The Charlotte News

Saturday, December 17, 1949


Site Ed. Note: The front page reports that in Moscow, the formation of a friendship pact between Communist China and Russia appeared certain after Chinese Communist leader Mao Tse-Tung arrived in Moscow the previous night, meeting with Prime Minister Stalin. The two countries were expected also to work out trade agreements. At the station upon his arrival, Mao said that he hoped the friendship between Russia and China for the previous 30 years would continue. The visit coincided with elaborate celebrations planned for the 70th birthday of Stalin the following Wednesday.

In Budapest, Hungarian police had arrested Israel Jacobson, director of the American Joint Distribution Committee in Hungary. There was no specification of the charges.

Secretary of Defense Louis Johnson and Secretary of State Acheson intended to ask Congress in 1950 to extend the peacetime draft for three more years as a necessary part of the defense effort against Communism.

The State Department formally warned American ships to avoid Shanghai, in the wake of two American ships having been attacked by the Chinese Nationalists for violating blockade lines around the Communist-held port. Despite condemnation by the State Department for those attacks, the Nationalists had not relented in their intention to maintain the blockade line and warned that future incursions by American ships would also result in attack.

Columnist Bruce Barton tells of coming out of college with the ambition to join a New York publishing firm, but as it was during a depression, only finding work as a timekeeper in a construction camp in western Montana, working 11 hours per day for $65 per month. As he was beginning to get a toehold in business by 1913, another depression appeared on the horizon, albeit cut short by the European war. He went into business in 1919 with two partners, just in time for the 1920-22 depression, followed by the Great Depression of 1929.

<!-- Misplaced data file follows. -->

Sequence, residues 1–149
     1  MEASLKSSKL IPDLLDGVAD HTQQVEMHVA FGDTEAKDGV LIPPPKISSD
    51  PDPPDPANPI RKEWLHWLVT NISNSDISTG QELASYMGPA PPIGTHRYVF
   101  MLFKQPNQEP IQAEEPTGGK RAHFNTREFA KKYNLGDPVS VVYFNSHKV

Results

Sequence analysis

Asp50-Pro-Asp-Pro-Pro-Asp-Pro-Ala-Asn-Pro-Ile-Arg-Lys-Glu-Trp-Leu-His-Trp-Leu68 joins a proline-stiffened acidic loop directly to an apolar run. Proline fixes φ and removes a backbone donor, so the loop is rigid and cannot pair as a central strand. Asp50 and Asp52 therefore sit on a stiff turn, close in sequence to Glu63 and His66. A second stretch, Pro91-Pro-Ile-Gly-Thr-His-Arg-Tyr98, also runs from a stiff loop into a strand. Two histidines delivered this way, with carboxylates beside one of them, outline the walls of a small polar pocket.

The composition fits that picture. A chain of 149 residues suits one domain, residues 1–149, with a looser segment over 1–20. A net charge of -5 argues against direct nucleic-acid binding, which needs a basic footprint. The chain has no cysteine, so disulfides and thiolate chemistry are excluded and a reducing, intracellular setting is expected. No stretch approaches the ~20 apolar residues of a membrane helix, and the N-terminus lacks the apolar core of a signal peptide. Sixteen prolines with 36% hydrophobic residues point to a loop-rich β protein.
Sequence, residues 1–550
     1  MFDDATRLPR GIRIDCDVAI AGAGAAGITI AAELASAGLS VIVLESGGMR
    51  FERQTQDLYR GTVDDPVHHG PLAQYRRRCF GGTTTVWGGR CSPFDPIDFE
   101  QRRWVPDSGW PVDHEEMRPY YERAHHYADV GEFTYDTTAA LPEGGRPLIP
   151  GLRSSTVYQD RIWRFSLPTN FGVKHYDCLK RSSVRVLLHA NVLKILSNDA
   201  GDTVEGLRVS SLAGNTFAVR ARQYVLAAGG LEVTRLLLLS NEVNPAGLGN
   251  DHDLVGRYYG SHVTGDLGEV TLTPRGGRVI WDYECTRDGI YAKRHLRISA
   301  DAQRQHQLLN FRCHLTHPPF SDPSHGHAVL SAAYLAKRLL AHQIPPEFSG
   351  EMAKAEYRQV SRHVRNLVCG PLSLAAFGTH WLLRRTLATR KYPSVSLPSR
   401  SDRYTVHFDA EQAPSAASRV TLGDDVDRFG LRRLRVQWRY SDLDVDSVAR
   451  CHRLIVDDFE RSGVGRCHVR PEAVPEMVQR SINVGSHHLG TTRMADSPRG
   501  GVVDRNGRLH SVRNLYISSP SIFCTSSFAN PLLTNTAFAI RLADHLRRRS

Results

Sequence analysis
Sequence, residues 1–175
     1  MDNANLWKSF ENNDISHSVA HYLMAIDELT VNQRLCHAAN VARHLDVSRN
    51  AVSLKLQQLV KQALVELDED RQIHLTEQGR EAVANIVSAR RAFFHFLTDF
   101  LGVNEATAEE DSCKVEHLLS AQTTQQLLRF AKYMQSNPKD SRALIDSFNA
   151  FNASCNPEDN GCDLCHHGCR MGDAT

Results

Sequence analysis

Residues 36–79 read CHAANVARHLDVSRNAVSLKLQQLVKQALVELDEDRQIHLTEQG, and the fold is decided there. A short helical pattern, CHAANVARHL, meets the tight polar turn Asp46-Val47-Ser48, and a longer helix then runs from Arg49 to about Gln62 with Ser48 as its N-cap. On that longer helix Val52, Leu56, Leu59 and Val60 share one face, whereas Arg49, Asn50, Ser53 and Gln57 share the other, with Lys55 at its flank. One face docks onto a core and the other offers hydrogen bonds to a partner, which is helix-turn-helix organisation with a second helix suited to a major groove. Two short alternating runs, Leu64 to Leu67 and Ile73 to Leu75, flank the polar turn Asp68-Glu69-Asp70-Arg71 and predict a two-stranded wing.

Once, during the summer of 1927 or 1928, he had been speaking with the owner of the Wall Street Journal at the time, C. W. Barron, who told him that Henry Ford's prediction of a hundred years of uninterrupted prosperity was faulty as the human race could not stand uninterrupted prosperity. When enjoying prosperity, people became careless, extravagant and vain, forgetting church and home, at which point the Almighty would always strike a blow for their becoming so cocky.

After reading many scholarly books on why depressions occurred, Mr. Barton concludes that Mr. Barron's advice made the most sense.

The CIO dropped six Communist-influenced unions, with a total membership of 300,000, from good standing in the organization, adding to two unions ousted the previous month, the United Electrical Workers and the Farm and Equipment Workers.

An official of the National Coal Association criticized the Truman Administration for not facing up to the problem of the coal shortage produced by the three-day work week called by John L. Lewis, after the President had announced the previous day that he would not invoke Taft-Hartley as there was no national emergency warranting it. He said that the Government had thereby left people freezing in their homes and was allowing factories to have to shut down.

In Hendersonville, N.C., on the prior Thursday night, a mother wounded herself and her baby with the same bullet. Both were still living, in extremely critical condition. The mother had shot herself in her abdomen with the intent to commit suicide, leaving a note. She was found conscious but incoherent. She apparently had not intended to wound the baby.

Now, if she recovers and the baby dies, she could be prosecuted for involuntary manslaughter and have a real reason to commit suicide.

The Wake Forest senior who was a murder suspect in the shooting death of another Wake Forest student, found dying in a car, remained at large after escaping police custody when detained at the scene. A posse and bloodhounds had been put on the trail but he was believed to have caught a Greyhound bus to Raleigh and then bought a ticket to Fayetteville, having been identified positively by the first bus driver. Police said that the student was an amateur hypnotist and played card tricks, might try to earn food money by the methods.

Tom Fesperman of The News urges that Charlotte's slums could be cleared away to make way for civic projects, all with Federal funding earmarked for the purpose. Similar redevelopment had taken place in Baltimore, Norfolk, Miami, and several other cities. But in North Carolina, the State General Assembly had refused to accept the Federal funding and so Charlotte was stymied in this attempt, at least until 1951 when the new Legislature would meet.

He promises to explain Monday what urban redevelopment was and how it could be accomplished through the Federal program.

In Hamlet, N.C., thieves stole from a car dealership a 500-lb. safe, containing $4,000 and several bottles of whiskey, and a 1947 blue, six-passenger De Soto with a missing speedometer, with which to haul away the safe. The dealership had been victimized by theft of brick and lumber during its construction the previous spring and no one had been caught. The Highway Patrol asked hunters to be on the lookout for the safe, perhaps disposed in the woods.